Friday, May 27, 2011

Tiger Mom, Amy Chua, has gotten a bad rap by Western Moms and Dads

Amy Chua wrote the notorious book, The Battle Hymn of the Tiger Mom. She has been trashed repeatedly over her theory of child-rearing. But let's take a look at her from a different angle.

"In Disney movies," she says, the [studious kid] always has to have a breakdown and realize that life is not all about following rules and winning prizes, and then take off her clothes and run into the ocean or something like that. But that's just Disney's way of appealing to all the people who never win any prizes. Winning prizes gives you opportunities, and that's freedom — not running into the ocean."

I thought as a parent that I didn't want to raise my kids the way I was raised. I think a lot of people since the 60s thought that. But I think what we missed was that yes, our parents were harsh, but they were right too. Rather than take the best of what they did and use that, we kind of through out the rule book and came up with a lot of nonsense ideas, touchy feely crap and we screwed up our kids. I have never been big on competitive things. But there are some good things about it.

I don't believe in being harsh on my kids, but tough love, with love, might be the right thing. Kids don't like being told what to do, parents don't like being the bad guy, but perhaps we all need to tough it out and get it done. America's kids are lagging too far behind in the world. We need to kick some ass and take names, to push our kids to the top.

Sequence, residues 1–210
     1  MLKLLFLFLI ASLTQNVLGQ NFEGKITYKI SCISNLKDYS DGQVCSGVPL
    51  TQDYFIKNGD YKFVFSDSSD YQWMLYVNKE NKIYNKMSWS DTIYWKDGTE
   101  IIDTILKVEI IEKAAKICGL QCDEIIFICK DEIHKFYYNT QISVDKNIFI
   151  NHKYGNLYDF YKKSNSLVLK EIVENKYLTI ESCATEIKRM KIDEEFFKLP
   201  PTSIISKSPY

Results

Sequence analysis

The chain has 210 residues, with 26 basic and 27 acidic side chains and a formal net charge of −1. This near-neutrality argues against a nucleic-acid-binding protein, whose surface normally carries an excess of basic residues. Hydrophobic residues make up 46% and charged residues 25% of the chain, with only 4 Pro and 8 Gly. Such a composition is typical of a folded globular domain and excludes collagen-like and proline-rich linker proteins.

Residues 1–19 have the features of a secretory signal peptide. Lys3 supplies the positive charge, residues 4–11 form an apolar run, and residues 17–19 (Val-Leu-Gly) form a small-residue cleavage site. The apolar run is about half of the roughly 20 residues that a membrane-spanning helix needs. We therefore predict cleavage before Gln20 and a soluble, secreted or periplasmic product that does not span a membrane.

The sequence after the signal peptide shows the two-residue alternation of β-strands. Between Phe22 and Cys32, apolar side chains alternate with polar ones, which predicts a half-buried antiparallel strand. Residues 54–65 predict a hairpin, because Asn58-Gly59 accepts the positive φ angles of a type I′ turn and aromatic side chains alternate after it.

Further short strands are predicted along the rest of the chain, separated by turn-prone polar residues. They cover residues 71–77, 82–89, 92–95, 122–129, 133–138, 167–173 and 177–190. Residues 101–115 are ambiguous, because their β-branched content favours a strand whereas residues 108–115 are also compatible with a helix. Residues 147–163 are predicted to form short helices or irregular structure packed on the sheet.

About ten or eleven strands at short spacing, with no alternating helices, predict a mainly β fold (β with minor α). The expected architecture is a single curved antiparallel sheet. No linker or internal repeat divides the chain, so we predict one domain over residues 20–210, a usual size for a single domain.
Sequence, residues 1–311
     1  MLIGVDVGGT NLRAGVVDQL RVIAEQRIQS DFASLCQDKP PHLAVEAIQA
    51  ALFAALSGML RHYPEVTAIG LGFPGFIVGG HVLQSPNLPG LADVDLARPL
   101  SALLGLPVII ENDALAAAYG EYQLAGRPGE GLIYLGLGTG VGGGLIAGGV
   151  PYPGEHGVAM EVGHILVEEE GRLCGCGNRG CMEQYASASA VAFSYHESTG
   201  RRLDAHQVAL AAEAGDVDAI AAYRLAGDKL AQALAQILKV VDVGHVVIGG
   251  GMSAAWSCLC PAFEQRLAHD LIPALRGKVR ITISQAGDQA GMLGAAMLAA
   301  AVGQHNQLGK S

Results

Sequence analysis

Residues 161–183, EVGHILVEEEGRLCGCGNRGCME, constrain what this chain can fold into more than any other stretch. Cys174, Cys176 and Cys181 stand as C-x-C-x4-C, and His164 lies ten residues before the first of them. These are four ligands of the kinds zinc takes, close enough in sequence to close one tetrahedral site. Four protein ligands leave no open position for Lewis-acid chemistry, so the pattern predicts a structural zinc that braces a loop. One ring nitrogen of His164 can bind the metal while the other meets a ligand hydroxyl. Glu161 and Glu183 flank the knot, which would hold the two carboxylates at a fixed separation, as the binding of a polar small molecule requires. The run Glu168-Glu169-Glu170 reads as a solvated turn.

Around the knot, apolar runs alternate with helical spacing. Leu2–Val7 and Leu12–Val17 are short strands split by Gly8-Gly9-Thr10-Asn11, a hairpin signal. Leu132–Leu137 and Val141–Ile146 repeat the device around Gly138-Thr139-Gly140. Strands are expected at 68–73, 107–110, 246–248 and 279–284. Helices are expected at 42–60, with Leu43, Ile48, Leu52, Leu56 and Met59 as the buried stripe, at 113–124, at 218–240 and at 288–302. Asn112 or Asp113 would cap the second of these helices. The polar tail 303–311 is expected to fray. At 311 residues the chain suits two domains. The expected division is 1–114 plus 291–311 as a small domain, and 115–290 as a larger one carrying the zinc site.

However, we do NOT need to be pushing them into the top schools, making them crazy about how they perform in grade school. in pre schoole. But we should get them the best schooling possible. We should make them do their MATH.

First and foremost, they need to learn CRITICAL THINKING.

They need playtime, but they need school time, lots of it. One thing my kids did get, was homework, they finished it. They got good grades. There were problems, there were issues, but they are really bright, smart and excellent critical thinkers now as adults.

What they are lacking in if anything, is that motivational factor that I got from my parents. Not something to push them into suicide, or trying to be a CEO, the President, or something like that, but to focus, to achive a goal, and finish whatever they start. Not to have to "be" somebody, but to be themselves, to decide what they want, to go get it, and to be happy.

My parents didn't give me all those things, but neither did I give my kids all those things either. I think, I hope, all parents try their hardest, do their best for their kids. I know I did, but I also know many parents who didn't, who thought they did but were too self centered, self serving, to actually go the distance all the way for their kids.

So I think Tiger Mom is right. And I think we should take a closer look at ourselves. Read her book. Make up your own mind. Do for your kids what your parents didn't do for you, and what you won't do for your kids. Recognize your failings, and stand up to the bar, raise yourself up to your standard and your kid's standards.

We need more. Our kids need more from us. Let's give it to them.

No comments:

Post a Comment